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    #1

    Help me understand the speech

    Hi, I am now learning through the speech of David McCullough, Jr. - You Are Not Special Commencement Speech - Wellesley High School.

    This is a very nice speech, having a great reputation now.

    The second paragraph:
    So here we are… commencement… life’s great forward-looking ceremony. And don’t say, “What about weddings?” Weddings are one-sided and insufficiently effective. Weddings are bride-centric pageantry. Other than conceding to a list of unreasonable demands, the groom just stands there. No stately, hey-everybody-look-at-me procession. No being given away. No identity-changing pronouncement.

    I would like to know what "Other than conceding to a list of unreasonable demands" means here.
    I roughly understand he is joking with a wedding ceremony but not really clear with this part.
    Could anyone paraphrase this part so that I can deeply understand what he means here?

    Thank you in advance.

  1. emsr2d2's Avatar
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    #2

    Re: Help me understand the speech

    Quote Originally Posted by KEN JPN View Post
    Hi, I am now learning through the speech of David McCullough, Jr. - You Are Not Special Commencement Speech - Wellesley High School.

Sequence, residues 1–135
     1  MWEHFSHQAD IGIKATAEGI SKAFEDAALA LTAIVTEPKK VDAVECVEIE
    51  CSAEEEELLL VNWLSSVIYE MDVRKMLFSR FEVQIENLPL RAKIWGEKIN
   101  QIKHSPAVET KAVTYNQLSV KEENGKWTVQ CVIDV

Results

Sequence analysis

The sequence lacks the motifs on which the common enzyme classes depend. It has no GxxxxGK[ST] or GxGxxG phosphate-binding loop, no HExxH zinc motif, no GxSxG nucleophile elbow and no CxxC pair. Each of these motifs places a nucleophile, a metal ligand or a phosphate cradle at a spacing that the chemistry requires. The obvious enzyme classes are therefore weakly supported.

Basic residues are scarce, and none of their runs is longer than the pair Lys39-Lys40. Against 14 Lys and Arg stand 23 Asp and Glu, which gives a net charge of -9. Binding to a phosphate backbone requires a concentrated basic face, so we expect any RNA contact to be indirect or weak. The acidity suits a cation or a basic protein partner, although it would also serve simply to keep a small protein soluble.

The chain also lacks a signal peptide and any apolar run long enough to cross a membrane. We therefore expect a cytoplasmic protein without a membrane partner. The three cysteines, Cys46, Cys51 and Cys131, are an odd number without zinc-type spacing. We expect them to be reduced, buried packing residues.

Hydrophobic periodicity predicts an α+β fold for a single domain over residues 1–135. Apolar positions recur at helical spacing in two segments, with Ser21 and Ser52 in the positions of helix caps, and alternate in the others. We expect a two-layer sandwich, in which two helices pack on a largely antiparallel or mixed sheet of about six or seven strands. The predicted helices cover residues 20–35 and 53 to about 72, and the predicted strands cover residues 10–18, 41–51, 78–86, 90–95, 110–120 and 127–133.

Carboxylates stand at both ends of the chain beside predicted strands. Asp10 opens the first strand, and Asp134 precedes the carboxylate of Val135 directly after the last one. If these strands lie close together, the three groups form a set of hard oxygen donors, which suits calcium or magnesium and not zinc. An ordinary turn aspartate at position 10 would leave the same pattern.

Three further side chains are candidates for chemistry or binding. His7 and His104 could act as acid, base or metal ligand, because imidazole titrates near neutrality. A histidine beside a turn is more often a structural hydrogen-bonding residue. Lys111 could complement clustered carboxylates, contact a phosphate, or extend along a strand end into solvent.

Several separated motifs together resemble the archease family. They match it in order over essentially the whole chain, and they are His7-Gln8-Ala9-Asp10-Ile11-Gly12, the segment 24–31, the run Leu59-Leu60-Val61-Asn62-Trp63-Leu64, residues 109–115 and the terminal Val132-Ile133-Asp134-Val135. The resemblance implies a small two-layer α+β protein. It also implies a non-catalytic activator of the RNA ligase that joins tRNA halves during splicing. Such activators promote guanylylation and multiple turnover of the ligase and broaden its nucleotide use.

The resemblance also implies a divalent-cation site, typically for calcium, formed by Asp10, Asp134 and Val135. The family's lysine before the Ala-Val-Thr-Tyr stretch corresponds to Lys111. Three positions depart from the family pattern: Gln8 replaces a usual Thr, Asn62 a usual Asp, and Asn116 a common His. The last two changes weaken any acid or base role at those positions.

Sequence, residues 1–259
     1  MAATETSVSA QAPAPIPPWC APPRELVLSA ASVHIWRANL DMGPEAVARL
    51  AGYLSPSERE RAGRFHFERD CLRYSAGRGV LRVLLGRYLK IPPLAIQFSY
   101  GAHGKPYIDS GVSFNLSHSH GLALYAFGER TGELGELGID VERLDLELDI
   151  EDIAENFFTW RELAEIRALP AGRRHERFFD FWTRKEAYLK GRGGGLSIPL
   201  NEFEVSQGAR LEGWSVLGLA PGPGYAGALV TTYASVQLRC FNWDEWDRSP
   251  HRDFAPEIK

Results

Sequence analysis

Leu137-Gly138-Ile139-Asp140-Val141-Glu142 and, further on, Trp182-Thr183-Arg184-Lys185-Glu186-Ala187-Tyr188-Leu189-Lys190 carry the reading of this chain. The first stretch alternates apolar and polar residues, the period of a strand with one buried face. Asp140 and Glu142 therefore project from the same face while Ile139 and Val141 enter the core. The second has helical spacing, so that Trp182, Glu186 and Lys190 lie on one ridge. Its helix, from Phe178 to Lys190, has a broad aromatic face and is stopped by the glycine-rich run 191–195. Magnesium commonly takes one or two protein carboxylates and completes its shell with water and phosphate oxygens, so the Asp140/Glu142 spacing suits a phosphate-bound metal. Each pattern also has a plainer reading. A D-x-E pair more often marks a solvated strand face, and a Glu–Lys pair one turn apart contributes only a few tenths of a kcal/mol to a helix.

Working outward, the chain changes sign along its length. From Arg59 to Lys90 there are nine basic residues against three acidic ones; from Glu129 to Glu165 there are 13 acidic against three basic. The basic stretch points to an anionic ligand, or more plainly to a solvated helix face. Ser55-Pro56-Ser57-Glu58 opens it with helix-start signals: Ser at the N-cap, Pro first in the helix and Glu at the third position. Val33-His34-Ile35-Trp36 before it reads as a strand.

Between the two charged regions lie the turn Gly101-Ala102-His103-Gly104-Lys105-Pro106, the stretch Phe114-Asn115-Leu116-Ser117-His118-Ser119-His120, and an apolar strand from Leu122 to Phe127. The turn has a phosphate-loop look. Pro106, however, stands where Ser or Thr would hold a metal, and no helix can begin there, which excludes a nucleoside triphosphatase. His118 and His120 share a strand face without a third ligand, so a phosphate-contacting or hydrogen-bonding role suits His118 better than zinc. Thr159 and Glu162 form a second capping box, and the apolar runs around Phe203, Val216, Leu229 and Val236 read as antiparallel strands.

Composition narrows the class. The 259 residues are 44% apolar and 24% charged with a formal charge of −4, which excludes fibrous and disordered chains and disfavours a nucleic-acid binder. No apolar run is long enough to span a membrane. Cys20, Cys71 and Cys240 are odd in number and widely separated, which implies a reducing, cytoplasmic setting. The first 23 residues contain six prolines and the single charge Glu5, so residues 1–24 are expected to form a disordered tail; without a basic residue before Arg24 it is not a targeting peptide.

This is a very nice speech, having a great reputation now.

    The second paragraph:
    So here we are… commencement… life’s great forward-looking ceremony. And don’t say, “What about weddings?” Weddings are one-sided and insufficiently effective. Weddings are bride-centric pageantry. Other than conceding to a list of unreasonable demands, the groom just stands there. No stately, hey-everybody-look-at-me procession. No being given away. No identity-changing pronouncement.

    I would like to know what "Other than conceding to a list of unreasonable demands" means here.
    I roughly understand he is joking with a wedding ceremony but not really clear with this part.
    Could anyone paraphrase this part so that I can deeply understand what he means here?

    Thank you in advance.
    The writer is joking about the fact that weddings concentrate very heavily on the bride. The bride is the one with the dress, the shoes, the hair, the make-up, she is probably the one who designed the invitations, chose the flowers, arranged the seating plan and a million other things. She's the one who walks up the aisle with everyone staring at her. Her father "gives her away" to her new man. She changes her name.

    Basically, the groom just has to turn up, stand there, and "agree to a list of unreasonable demands" - the wedding vows ("I promise to love, honour ...", agrees to hand over his worldly goods, hang around even when she's ill etc etc).

    In case you're interested, the standard, classic Church of England wedding vows (or unreasonable demands!) are:

    "The original wedding vows, as printed in The Book of Common Prayer, are:
    Groom: I,____, take thee,_____, to be my lawful wedded Wife, to have and to hold from this day forward, for better for worse, for richer for poorer, in sickness and in health, to love and to cherish, till death us do part, according to God's holy ordinance; and thereto I plight thee my troth.
    Bride: I,_____, take thee,_____, to be my lawful wedded Husband, to have and to hold from this day forward, for better for worse, for richer for poorer, in sickness and in health, to love, cherish, and to obey, till death us do part, according to God's holy ordinance; and thereto I give thee my troth.